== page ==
Reserve Development impacts medical malpractice insurance pricing for medical malpractice insurance carriers.
Reserves are the amounts held by insurance companies to pay for future claims. Reserving properly from company investments and premium contributions is one of the essential tasks of the insurance carrier. If they measure, analyze and allocate the right amounts to settle and manage claims appropriately, the reserves should be strong, covering just what is needed year over year. In other words, the companies should not have to take down and release reserves.
Reduced claims results in less money paid and more reserves available:
However, when a few years pile up, added together where the number of claims filed (even after there are hints, outward signs that a claim is developing) then the reserves can be released back to the carrier.
When times are good for malpractice insurance carriers, the rates become competitive (as they have been for the last seven – to nine years).
Ideally, you should not have to take down reserves because the amount set aside should roughly equal the amount paid,..and, accurately guessing the amount to be expensed and settled three to even ten years in the future can be impossible.
however when there are fewer claims filed, then anticipated, these reserves can build up quickly.
Artificially supporting premiums through savings from fewer claims filed:
This dynamic of taking down reserves and releasing them back into the general fund to help pay for claims and add to the company revenue can offset or delay needed premium increases. The key words here are: needed premium increases. it is well documented that claims amounts have been on the rise for years, ‘severity increases of 5 % or more have been reported consistently.
Short term increase in reserves, will continue to push rates lower, this is and has been the defining time for medical malpractice insurance carriers.
There was a time when the premiums were held down by gains in the stock market, giving the illusion (during the mid-nineties, that premiums could remain ‘cut throat’ forever.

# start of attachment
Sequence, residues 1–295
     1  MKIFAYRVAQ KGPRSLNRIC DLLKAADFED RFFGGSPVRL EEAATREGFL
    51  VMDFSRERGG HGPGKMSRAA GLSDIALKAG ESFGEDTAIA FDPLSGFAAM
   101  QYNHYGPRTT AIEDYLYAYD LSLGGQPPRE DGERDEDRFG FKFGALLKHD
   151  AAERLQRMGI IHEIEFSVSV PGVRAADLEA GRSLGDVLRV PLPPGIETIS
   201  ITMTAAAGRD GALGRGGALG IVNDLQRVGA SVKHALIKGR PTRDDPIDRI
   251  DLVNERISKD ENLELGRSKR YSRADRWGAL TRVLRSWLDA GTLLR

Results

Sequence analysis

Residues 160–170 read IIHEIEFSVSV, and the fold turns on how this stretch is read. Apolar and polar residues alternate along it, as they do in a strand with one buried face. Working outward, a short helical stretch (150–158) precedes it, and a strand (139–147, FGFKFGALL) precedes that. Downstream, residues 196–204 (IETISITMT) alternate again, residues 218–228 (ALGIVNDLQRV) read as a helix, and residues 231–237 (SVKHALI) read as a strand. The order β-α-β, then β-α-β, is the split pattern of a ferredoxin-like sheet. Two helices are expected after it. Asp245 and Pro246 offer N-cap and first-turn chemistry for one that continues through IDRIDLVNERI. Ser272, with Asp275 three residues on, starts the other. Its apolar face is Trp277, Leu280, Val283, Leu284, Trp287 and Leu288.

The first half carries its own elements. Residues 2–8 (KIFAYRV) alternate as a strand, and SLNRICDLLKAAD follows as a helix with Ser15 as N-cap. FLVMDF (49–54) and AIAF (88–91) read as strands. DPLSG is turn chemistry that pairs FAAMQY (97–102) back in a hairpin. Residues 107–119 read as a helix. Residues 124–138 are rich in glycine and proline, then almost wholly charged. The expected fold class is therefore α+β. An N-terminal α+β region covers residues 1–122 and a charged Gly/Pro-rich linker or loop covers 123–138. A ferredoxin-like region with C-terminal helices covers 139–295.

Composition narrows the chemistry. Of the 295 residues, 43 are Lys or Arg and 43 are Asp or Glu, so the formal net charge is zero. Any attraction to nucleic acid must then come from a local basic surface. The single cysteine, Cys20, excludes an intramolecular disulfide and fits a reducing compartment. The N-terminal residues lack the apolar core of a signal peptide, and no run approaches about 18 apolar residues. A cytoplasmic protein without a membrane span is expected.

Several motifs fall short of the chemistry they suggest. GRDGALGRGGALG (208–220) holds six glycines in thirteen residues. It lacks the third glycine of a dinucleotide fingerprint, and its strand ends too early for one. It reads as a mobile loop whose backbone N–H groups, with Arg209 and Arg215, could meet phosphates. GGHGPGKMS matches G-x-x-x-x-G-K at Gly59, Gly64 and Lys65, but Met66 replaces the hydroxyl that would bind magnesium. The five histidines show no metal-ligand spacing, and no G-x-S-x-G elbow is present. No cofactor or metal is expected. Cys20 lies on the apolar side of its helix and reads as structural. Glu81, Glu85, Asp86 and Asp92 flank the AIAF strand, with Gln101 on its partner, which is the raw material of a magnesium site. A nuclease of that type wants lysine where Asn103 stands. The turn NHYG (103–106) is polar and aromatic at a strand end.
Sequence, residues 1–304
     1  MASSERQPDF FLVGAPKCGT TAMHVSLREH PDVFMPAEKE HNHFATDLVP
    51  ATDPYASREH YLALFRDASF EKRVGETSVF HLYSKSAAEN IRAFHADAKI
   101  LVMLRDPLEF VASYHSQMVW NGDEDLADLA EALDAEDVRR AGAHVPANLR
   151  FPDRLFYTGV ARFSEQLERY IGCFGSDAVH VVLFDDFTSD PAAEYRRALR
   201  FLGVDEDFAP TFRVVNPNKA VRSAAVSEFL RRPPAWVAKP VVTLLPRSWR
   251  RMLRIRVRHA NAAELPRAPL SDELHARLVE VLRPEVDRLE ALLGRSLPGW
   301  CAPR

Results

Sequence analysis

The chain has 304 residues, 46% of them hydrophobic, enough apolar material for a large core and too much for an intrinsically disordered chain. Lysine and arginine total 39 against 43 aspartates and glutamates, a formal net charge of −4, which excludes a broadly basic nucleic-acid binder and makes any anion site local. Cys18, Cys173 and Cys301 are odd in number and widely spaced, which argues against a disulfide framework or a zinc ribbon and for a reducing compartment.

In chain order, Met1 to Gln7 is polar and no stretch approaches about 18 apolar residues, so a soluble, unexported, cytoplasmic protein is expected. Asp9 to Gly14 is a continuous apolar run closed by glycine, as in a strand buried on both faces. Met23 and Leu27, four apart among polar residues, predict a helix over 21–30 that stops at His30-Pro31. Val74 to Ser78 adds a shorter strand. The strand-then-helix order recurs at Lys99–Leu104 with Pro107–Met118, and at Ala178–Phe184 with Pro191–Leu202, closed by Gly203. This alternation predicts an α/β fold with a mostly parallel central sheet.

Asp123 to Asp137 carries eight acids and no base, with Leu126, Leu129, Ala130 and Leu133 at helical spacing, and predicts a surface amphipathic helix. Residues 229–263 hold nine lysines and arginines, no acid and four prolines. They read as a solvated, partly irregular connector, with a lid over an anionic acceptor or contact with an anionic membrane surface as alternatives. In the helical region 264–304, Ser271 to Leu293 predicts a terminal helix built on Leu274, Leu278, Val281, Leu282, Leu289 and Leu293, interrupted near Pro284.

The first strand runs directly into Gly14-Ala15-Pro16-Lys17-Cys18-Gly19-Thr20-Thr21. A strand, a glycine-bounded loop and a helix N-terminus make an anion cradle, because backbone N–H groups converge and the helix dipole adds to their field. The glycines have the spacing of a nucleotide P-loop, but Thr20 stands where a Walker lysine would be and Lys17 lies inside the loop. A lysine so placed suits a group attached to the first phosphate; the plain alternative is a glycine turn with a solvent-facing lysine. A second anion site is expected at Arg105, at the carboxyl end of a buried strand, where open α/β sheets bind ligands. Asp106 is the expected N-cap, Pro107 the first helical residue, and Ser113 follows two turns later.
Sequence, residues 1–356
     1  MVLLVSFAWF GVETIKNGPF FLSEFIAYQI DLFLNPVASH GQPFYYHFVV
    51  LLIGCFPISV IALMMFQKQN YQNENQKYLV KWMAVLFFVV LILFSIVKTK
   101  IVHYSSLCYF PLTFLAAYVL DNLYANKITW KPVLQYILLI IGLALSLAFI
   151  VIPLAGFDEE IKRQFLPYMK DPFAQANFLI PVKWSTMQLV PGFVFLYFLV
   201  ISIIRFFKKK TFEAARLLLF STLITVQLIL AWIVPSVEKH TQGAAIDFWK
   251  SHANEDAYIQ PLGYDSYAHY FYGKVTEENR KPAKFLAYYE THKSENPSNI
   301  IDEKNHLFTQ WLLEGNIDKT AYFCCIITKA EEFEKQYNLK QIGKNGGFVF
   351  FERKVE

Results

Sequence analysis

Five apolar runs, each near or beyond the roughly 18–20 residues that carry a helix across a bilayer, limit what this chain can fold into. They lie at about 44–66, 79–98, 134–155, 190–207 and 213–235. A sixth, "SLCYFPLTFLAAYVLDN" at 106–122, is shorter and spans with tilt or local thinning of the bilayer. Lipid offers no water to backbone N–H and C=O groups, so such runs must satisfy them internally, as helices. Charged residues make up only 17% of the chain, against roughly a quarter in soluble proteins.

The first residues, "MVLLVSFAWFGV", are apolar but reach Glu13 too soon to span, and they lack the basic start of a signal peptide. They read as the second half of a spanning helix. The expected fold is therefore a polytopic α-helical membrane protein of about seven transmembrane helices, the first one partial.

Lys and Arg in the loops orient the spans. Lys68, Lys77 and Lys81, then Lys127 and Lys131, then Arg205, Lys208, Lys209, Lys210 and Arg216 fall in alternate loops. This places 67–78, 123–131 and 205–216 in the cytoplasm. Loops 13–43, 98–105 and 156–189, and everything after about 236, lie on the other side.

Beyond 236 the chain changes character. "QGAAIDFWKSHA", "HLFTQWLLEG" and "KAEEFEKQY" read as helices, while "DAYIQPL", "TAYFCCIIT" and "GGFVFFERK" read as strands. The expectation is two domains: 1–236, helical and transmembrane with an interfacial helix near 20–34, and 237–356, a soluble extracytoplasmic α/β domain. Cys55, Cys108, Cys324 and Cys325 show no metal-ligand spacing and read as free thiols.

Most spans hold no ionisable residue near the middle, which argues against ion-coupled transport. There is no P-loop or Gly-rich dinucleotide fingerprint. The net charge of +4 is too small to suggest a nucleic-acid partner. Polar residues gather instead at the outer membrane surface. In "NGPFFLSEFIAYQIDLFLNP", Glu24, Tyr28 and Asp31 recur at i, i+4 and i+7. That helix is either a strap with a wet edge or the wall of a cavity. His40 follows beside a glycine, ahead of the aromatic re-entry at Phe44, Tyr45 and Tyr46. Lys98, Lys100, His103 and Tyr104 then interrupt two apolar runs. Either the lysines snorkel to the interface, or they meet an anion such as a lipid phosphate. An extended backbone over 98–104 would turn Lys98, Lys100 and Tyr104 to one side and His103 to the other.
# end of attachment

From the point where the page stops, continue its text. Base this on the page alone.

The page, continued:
back in the mid to early nineties, the premiums were competitive year in and year out for different reasons:
Insurance Companies (medical malpractice carriers) would price the product to run at a loss, only to make up the premiums with gains in the stock market.
Now, there are other carriers that see an opportunity to grow while more patients enter the healthcare field. The companies are bringing and entrepreneur’s eye toward this business; looking for opportunities to write some of these providers who will be needed to serve the new patient populations.
There are other Big- recognizable commercial insurers who will bring more ‘capacity’ into the market, competing for medical groups, foundations and alliances of hospitals, universities and medical groups. Consolidation of the current medical malpractice insurance carriers creating bigger, well-capitalized companies as well as the influx of these large carriers will cause the continuation of the competitive, ‘soft’ market for medical malpractice insurance premiums.
When large commercial, well capitalized carries enter the market, cash strapped, smaller carriers struggle to hold premiums and they reach into reserves. The medical malpractice insurance industry continues to show a downward trend in frequency of claims reported; which will surely push the soft market into another year or two.
These larger commercial carriers join specialty providers such as Lloyd’s, Catlin, Hiscox and AIG. They are targeting non hospital medical providers, surgical centers, outpatient medical centers and rehabilitation facilities; blood banks and large physician groups.
Managed Care, Accountable Care, Alliance Groups and large integrated medical groups are all targets for these larger commercial carriers.
There seems to be a shared feeling among the medical malpractice insurance carriers that growth and profitability in this business lies with physician groups and allied health care providers.
Choosing low limits and pursuing business in regions that have a good track record in and healthy tort reform guides some underwriting decisions.
Ambulatory Centers, Imaging Centers, Oncology and Elder Care are growth areas attracting the attention of specialty insurance companies and their experienced underwriters familiar with this unique product niche.
Hang on to the current policyholders and do a little more for them:
Many medical malpractice insurance carriers are expanding into Physician’s Billing, Administrative, Regulatory Fines, Medical Board Actions, Directors and Officers and Employment Practices Liability due to the challenge of retaining existing and attracting new business. With the expectation of new patients crowding into the field, hospitals are gearing up for more; some of the local, community hospitals are evolving, changing their business model into ambulatory surgery centers or clinics to be prepared to accommodate a change in the patient population.
There are some reports by industry observers that say: The only area which will allow for any premium growth for many malpractice insurance carriers are the troubled accounts, which have had unusual claims activity, or administrative hearings, disciplines and investigations.